Some Tips

  1. Use Present Tense
  2. Include quotes from the poem (minimum of one per body paragraph)
  3. Include quotes from outside sources (minimum of one per body paragraph)
  4. Use MLA citation

Remember, your paper should be based on your own thoughts and observations about the poem. Your outside research should be used to support and strengthen your own thoughts!

Here’s a draft of the Shakespeare paper we’ve been discussing:

Poetry Draft

            It is human nature to sometimes feel as if the world is just too much to bear. We experience tragedy and see injustice and might sometimes feel as if there is no hope left. Often just knowing that we are not alone is enough to push us to persevere another day. While we might think this is a modern experience, William Shakespeare’s “Sonnet 66” proves that there really is nothing new under the sun. In this sonnet, Shakespeare uses an emotional plea, irony, asyndeton, antithesis, and parallel structures to show that, no matter how difficult life seems, the love of one person is enough to make life worth living.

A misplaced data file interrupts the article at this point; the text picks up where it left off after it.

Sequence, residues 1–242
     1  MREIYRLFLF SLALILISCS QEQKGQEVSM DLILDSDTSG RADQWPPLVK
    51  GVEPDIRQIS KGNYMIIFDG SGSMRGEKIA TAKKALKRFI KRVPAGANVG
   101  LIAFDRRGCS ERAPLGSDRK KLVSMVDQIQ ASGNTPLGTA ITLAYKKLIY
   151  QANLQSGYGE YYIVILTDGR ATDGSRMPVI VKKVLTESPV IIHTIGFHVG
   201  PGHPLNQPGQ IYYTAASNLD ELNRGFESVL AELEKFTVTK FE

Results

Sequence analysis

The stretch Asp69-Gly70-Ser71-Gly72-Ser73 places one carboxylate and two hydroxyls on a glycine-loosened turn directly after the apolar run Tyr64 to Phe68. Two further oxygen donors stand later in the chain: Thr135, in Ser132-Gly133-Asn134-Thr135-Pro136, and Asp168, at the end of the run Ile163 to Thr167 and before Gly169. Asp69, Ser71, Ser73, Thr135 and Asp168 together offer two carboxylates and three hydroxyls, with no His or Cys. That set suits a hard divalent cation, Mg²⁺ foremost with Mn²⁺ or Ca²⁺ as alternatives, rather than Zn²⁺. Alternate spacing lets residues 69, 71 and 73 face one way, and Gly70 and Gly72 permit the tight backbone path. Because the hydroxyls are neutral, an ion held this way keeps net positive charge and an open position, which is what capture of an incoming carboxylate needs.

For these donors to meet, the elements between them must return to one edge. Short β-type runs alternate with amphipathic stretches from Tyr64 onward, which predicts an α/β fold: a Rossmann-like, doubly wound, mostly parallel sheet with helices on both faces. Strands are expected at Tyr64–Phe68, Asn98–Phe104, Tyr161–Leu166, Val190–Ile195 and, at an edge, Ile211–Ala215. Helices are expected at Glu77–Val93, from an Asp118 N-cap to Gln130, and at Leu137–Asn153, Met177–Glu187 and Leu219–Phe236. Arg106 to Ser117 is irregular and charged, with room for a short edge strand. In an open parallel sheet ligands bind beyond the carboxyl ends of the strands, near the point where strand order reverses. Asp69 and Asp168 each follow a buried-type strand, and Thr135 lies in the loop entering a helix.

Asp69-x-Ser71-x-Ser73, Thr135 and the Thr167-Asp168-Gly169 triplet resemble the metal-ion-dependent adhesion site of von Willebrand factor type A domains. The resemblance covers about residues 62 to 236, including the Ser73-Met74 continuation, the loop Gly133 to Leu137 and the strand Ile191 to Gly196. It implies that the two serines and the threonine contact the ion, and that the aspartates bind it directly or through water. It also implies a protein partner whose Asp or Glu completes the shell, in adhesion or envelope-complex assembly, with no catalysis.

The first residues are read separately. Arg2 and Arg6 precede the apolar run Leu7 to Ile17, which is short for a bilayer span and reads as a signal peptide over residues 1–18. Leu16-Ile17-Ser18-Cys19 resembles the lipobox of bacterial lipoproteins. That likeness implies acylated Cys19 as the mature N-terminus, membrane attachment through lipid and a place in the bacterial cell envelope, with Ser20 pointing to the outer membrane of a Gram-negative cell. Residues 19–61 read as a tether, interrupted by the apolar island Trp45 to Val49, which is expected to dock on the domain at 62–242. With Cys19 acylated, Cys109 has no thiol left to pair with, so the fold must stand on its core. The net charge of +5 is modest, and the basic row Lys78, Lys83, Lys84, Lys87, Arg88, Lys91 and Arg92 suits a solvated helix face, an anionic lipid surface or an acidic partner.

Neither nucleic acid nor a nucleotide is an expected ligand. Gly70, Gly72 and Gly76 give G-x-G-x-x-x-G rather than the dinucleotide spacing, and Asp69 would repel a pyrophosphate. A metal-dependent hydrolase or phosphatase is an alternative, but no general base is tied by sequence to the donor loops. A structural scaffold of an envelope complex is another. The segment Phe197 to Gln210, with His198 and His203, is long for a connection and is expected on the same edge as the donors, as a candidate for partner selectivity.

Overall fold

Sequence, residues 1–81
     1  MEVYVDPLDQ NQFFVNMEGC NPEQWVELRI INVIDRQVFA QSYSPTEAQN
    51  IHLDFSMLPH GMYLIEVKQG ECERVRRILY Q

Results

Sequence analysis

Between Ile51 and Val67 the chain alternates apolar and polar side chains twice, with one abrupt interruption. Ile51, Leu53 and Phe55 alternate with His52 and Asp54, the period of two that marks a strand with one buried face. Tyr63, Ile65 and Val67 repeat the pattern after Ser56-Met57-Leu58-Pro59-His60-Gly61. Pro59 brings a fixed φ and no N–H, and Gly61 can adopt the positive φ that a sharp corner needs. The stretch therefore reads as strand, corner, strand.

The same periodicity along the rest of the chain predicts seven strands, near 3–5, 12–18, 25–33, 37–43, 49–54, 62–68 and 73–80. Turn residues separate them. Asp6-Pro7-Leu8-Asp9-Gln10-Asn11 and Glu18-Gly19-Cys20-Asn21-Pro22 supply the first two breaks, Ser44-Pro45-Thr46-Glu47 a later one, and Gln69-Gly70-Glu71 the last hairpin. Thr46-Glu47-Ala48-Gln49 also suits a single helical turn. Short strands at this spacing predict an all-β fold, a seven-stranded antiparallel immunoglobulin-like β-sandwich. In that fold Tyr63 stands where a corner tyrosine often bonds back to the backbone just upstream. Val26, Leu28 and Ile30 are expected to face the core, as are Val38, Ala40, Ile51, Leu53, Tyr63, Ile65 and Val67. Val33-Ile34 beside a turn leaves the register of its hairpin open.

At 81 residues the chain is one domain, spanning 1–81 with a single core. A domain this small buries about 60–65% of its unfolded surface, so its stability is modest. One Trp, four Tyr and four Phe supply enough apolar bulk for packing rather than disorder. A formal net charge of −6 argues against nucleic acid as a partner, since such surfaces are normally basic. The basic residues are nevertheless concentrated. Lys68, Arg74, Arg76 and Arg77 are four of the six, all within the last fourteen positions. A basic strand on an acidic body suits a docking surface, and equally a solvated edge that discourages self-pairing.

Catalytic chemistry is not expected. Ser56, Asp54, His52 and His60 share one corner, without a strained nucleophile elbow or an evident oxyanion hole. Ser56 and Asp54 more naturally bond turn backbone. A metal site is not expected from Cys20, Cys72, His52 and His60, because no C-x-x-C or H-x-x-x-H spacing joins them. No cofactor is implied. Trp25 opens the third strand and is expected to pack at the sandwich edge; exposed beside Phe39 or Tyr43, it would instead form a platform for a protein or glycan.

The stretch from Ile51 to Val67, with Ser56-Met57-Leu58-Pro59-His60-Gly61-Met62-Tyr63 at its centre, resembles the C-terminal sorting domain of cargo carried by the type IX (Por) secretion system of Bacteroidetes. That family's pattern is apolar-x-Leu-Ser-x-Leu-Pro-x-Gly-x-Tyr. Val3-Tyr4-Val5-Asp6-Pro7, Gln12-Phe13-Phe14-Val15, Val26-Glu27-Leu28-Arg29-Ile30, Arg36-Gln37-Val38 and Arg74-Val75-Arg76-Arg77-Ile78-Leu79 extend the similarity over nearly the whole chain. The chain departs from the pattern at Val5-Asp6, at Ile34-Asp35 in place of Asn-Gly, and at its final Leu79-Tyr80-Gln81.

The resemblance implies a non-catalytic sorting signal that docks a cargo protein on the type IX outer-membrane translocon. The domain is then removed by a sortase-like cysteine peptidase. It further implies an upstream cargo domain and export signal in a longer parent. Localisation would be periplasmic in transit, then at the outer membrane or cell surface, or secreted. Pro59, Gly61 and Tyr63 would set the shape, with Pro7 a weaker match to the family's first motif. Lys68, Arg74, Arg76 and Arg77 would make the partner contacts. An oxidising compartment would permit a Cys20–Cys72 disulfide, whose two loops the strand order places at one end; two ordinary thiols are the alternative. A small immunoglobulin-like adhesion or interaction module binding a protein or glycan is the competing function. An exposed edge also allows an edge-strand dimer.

Interestingly, we don’t know a lot about the circumstances of Shakespeare’s sonnets. “The wary consensus of most scholars is that the sonnets were written over a number of years…before 1598, but some perhaps later and even up to the date of publication in 1609” (Bevington). Since we don’t know the dates the sonnets were written, it can be difficult to correlate Shakespeare’s work to circumstances in his life. However, from the sonnets we can begin to have a good understanding of what was important to Shakespeare–especially friendship.